Painted Top Kits
Lots of people ask me about the white tip sections on my pole. I actually paint these myself. In my eyes, nature is always right, and the underside of any fish-eating bird is always white. When a fish looks up, it’s always looking at the brightness of the sun or sky, which is often white, so painting my kits white hopefully helps disguise them.
This may only make a tiny difference and catch me an odd extra fish, but if that’s the case I’m happy going the extra mile to take these small advantages. One thing is for certain, painting them white is definitely not a disadvantage – it does zero harm.
You may think that using a basket limits the size of pellets that you can feed, because it’s only 4mms that you place in there. However, after experimenting with lots of different sizes of feed pellets for shallow fishing, I have found 4mms best by far. They make a lovely fishattracting pitter-patter as they hit the water, and draw in all sizes and kinds of fish. If small fish do become a problem, you can be more selective by simply placing a bigger pellet on the hook.
As I mentioned last month, I generally use some pellets from Bag ‘em that are around 5mm in size. I always use a hair-rigged micro-band, however, which will go around a 4mm if I’m fishing for small F1s, but also stretch to an 8mm pellet if I need to be very selective.
Catty And Basket
I have had a lot of success recently using a combined catty and basket technique for shallow fishing. I’ll happily ping in pellets as accurately as I can with a catapult whenever I’m not fishing shallow. For example, I may be fishing the bomb or short pole, but will happily prime my shallow swim by pinging pellets there all the time with a catapult. However, when I decide to go on this swim, I can use the basket to really pinpoint the fish to where I want them.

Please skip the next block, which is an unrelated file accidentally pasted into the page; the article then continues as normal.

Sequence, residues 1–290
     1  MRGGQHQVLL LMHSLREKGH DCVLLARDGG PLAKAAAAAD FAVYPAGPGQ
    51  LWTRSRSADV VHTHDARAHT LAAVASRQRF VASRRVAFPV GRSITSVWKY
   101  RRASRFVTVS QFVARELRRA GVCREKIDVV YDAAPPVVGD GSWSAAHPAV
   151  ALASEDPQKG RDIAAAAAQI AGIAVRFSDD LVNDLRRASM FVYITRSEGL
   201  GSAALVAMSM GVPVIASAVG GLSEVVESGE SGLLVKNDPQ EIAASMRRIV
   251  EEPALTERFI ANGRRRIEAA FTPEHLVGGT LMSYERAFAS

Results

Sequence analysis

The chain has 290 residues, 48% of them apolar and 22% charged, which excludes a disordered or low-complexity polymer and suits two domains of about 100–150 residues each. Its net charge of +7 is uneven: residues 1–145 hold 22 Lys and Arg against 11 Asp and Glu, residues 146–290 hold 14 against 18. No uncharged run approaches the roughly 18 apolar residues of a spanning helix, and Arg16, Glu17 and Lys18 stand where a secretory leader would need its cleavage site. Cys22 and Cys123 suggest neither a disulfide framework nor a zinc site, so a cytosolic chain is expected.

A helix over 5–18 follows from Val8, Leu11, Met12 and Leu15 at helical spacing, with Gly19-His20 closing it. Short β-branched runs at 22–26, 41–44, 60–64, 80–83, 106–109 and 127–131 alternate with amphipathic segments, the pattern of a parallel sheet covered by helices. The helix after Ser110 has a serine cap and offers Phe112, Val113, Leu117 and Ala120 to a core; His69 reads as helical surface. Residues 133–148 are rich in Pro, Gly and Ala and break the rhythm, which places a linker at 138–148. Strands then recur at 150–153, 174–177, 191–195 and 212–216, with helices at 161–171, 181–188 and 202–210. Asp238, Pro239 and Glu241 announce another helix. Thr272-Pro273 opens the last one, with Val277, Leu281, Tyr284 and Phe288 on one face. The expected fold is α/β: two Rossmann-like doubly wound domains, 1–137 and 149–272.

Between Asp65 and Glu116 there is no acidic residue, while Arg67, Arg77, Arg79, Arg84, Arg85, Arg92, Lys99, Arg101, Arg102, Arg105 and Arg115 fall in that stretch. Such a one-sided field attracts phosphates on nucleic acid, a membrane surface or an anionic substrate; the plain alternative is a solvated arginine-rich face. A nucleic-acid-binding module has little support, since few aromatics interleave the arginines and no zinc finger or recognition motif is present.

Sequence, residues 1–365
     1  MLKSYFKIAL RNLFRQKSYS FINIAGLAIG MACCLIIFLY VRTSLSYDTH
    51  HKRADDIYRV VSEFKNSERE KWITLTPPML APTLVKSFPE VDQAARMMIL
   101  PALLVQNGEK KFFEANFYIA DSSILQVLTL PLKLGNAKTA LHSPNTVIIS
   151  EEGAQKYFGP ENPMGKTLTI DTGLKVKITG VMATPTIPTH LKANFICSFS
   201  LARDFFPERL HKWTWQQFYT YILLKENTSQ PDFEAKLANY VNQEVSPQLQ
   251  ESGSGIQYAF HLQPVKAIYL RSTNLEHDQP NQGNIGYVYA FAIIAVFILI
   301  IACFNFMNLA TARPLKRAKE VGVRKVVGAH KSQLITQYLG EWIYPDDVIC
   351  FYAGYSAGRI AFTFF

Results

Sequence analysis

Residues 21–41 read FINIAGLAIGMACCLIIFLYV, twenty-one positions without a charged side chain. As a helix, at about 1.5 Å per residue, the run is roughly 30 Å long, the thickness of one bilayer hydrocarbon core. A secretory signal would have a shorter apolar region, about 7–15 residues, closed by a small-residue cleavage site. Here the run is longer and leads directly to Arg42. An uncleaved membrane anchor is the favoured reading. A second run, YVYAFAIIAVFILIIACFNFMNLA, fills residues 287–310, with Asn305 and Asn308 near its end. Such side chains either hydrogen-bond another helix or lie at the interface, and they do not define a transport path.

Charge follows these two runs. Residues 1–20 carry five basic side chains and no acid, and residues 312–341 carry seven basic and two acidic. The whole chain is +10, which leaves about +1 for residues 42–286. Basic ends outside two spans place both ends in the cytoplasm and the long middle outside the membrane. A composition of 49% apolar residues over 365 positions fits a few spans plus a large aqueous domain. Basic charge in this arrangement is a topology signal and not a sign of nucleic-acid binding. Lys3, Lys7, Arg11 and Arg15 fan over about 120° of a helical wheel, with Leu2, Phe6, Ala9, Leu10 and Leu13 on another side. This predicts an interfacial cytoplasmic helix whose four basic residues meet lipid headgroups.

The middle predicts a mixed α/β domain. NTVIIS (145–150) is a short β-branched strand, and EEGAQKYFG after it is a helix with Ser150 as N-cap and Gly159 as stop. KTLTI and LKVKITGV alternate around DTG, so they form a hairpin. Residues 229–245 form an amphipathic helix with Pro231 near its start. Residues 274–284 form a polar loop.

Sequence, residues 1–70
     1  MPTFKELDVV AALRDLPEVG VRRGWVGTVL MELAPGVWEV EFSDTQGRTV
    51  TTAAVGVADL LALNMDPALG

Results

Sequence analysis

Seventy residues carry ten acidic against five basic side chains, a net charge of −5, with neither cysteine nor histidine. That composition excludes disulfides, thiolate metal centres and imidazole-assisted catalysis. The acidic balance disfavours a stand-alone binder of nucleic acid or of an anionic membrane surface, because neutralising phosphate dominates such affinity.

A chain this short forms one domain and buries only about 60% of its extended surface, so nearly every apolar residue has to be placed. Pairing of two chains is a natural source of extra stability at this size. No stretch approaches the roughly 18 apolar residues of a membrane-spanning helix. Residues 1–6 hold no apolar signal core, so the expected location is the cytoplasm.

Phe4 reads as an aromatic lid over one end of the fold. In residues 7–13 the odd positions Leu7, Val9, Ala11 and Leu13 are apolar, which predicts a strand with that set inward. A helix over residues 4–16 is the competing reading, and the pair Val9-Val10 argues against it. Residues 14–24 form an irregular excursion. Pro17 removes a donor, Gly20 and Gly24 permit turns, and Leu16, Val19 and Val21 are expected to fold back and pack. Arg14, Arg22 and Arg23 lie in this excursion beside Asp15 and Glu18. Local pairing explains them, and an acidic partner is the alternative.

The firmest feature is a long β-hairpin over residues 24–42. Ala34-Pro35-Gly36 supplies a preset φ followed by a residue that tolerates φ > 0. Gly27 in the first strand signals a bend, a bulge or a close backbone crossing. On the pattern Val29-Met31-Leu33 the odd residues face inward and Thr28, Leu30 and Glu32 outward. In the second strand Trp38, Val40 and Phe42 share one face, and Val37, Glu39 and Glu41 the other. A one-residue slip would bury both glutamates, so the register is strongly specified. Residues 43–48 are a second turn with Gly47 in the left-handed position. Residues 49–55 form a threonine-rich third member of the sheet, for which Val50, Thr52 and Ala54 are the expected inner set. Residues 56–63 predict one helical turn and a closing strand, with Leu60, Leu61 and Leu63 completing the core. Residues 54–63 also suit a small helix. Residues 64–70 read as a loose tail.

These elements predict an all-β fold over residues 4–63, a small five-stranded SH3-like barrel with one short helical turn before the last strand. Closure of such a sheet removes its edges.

They may be spread over several metres with the loose-fed pellets, and if there are just a few fish in the swim, there’s a slim chance of one finding your hook bait. By rattling in some pellets with the basket, you have a tight column of feed falling right with your hook bait, and any fish in the swim are likely to home in on this taking the free offerings and your hook bait right among them.
When fishing the basket, try and control when your hook bait falls in relation to the feed. Ideally, you want it to fall with the loose pellets coming out of the pot.To do this, lift your rig so that it’s just out of the water, rattle in a few pellets, and drop or lower your rig right in among them. Sometimes the fish will drag your elastic out!
Today has been brilliant for demonstrating the use of the basket for shallow fishing, as the stiff wind blowing from right to left has made catapulting pellets difficult. I started the session by pinging in pellets with a catapult around 11 metres out and caught well to begin with. After an hour, however, things went quiet, and venturing further out bites were becoming few and far between, although there were fish moving around in the upper layers.
Clipping on a basket feeder and venturing further out to 13 metres, I began to tap the pole and slowly release the pellets. After around a minute, and after lifting and lowering my pellet down, my elastic was pulled out by a 3lb F1. These are the bigger, wary fish that are normally only caught in the margins! For the next hour or so I caught steadily, until bites dried up again.
As I mentioned before, you should never be afraid to rest a shallow swim and keep feeding it with a catapult while you try another method. Sometimes leaving an area where you’ve been catching, but still feeding it, helps regroup the fish. Today, I’ve done just that, and after catching an odd fish on the bomb, I was soon back out on the shallow swim with the basket, and immediately catching fish.
It’s a simple device that will always have a place in my box, and one that has won me countless matches over the years